This past Monday I started an exercise challenge called Planks-giving. I’m part of a group of thirty-two people from many different places in the US. Every day between now and November 23 we will all practice the exercise move called planking, and each day add a little extra time until, at the end, we’ve worked up to holding a plank for a minute and ten seconds in three different positions. We all check in with each other every day via a Facebook group. The other part of the challenge is to post something each day for which we give thanks – hence the catchy “Planks-giving” name.
In real life, I only know three of the people in the group, but that does not stop me from appreciating their support and encouragement, offering my own, and getting a few tips and reminders from the group – either about the exercise or about gratitude, although connecting with them in person and in real time would be much better.
In a number of ways, this on-line group has parallels to the Communion of Saints, whom we celebrate today. The Communion of Saints is made up of all those who have gone before us in the faith; all those who have loved, followed, worshiped, and served Christ in this life, have died, and now live in God’s eternal presence. Some of them are people we know – from Scripture, from Church history, from our own personal lives. To some of them we have attached the formal title “saint.”
You only have to look around at the church walls to see the symbols of some of those named saints, the Twelve Apostles: Peter and his brother Andrew, James and John the sons of Zebedee, John, Philip, Bartholomew, Thomas, Matthew, James the son of Alphaeus, Thaddaeus, Simon, and Matthias. You may also have your favorite saint from history, who may or may not have the title “saint”: Mary, the mother of our Lord; Margaret, queen of Scotland; John Donne, the Anglican priest and poet; Martin Luther King, jr., Baptist preacher and civil rights leader; Theresa of Avila, sixteenth-century Spanish nun and mystic; John the Baptist, Jesus’ cousin and the patron saint of the Community of St. John Baptist in Mendham. And then there are those you know personally – a grandparent, a teacher, someone whose Christian faith and life are a profound example for you. And of course, there are all those who names are now known to God alone.
In this community of the sanctified, the holy ones, we remember and give thanks for their life and witness to Christ, and we covet their prayers on our behalf. From them we can take inspiration, and encouragement for the Christian life – a much greater and more important relationship than the one I have with my Facebook exercise group, but they share some similarities and parallels.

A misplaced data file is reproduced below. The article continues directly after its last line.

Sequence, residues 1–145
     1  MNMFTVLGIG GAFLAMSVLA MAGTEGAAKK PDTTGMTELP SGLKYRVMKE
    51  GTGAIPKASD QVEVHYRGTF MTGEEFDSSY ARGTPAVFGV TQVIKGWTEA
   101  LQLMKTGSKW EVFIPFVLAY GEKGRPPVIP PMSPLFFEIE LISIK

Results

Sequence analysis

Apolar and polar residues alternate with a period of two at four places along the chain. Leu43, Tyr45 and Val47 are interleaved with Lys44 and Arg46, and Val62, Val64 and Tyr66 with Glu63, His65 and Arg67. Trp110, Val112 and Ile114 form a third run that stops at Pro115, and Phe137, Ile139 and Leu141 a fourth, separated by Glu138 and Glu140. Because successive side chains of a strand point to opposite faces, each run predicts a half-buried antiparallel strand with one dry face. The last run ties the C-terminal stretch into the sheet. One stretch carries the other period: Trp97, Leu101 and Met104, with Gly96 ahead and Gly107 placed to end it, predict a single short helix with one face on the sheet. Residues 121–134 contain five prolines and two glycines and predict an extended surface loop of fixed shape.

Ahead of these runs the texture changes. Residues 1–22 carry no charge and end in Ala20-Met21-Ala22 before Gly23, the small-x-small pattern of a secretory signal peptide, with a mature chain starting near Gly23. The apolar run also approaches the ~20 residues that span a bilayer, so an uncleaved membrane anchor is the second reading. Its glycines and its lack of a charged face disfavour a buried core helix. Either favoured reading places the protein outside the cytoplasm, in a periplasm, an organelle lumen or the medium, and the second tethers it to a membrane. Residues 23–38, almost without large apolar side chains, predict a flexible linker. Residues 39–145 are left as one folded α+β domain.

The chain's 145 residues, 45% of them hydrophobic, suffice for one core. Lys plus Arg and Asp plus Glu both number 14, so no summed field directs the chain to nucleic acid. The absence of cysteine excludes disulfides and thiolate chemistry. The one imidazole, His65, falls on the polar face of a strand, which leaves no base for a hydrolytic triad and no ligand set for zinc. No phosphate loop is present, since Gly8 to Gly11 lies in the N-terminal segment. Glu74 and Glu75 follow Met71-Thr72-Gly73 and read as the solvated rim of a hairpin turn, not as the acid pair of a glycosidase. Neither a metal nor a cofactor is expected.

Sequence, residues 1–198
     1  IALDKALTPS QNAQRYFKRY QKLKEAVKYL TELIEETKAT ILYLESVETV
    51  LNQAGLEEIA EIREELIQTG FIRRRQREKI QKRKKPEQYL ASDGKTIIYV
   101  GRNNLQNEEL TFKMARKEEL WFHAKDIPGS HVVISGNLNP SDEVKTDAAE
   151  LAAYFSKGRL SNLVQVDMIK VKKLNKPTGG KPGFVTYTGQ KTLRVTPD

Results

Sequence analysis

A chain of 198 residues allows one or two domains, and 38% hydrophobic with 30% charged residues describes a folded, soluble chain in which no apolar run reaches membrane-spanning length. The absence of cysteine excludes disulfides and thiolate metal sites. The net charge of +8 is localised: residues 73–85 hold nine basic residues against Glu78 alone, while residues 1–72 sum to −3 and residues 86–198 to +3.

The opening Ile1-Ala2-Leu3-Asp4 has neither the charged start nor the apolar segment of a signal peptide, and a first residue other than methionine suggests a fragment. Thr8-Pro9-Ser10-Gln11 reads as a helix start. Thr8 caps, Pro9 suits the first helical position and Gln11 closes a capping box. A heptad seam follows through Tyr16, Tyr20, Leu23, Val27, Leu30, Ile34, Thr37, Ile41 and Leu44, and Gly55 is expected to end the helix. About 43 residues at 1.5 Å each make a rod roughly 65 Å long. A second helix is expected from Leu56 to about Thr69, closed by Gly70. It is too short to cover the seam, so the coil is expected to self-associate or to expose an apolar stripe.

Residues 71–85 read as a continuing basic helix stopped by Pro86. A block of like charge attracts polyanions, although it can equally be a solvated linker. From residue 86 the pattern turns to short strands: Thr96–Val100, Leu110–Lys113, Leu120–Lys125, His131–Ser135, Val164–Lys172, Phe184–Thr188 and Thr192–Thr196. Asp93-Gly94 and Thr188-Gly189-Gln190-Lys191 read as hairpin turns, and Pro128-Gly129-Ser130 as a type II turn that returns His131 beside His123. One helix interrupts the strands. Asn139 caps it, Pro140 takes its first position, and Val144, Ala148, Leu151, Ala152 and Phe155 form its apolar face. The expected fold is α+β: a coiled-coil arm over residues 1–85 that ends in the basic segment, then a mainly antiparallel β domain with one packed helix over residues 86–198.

What is it you need to be a more faithful follower of Jesus? Do you need courage? Do you need wisdom, or understanding? Do you need strength, or patience, or compassion? Do you need healing, or sobriety, or persistence, grounding in truth, or joy? All of these are part of the pattern of holy living, and we can look to the examples and stories of the saints to learn how they met these challenges. And if there is a particular saint you feel drawn to, almost as a mentor, you can ask them to pray with you to God for what it is you most need.
It’s important to be clear about the difference between what we need and what we want. We want many things – some good for us, some not so good for us. We can and should be honest and transparent with God about all of it, but our prayer will be much more satisfying and effective if what we are asking for is something we really need: food, clothing, shelter, work, friendship, love, health, rest, connection with God and our fellow human beings. God made us with these needs, and Jesus taught us to pray for them, our daily bread – and so we should.
But the summary of Jesus’ teaching that we call the Sermon on the Mount begins with “Blessed are the poor in spirit, for theirs is the kingdom of heaven.” These Beatitudes, these states of blessing in nine different circumstances, are all about what it means to live a Christian life, and are the character traits and faith traits Jesus wants us to work on and develop. These are also what we are to pray for: to be poor in spirit, to be open to grief and mourning, to be humble and meek, meek, to hunger and thirst for righteousness, to be merciful, to be pure in heart, to be a peacemakers, to be willing to be persecuted for righteousness' sake, to not lose heart when people revile you and persecute you and utter all kinds of evil against you falsely on Jesus’ account because when that happens you know you are standing alongside the saints and prophets.
This is all so different from what the world tells us we should desire, and long for, and strive for. The world prizes status, acquisition, the raw exercise of power that is often increasingly violent, being the center of attention, wealth for its own sake, cunningness, sex not as a gift of God but as unbridled desire, an attractiveness that has nothing to do with character or inner beauty. To face this each day, and to stand against it is often hard, and wearing, and so we need the prayers and witness of the saints – those in God’s realm we call heaven, and those who walk this way with us here and now.
The African proverb says that it takes a village to raise a child. It takes a community of faith, the Communion of Saints, to help us follow Jesus each and every day as we pray for and with one another to be faithful witnesses to the way, the truth, and the life into which we were baptized.
To God be the glory. Alleluia. Amen.
Victoria Geer McGrath
All Saints’ Church, Millington, NJ
All Saints’ Sunday
November 5, 2017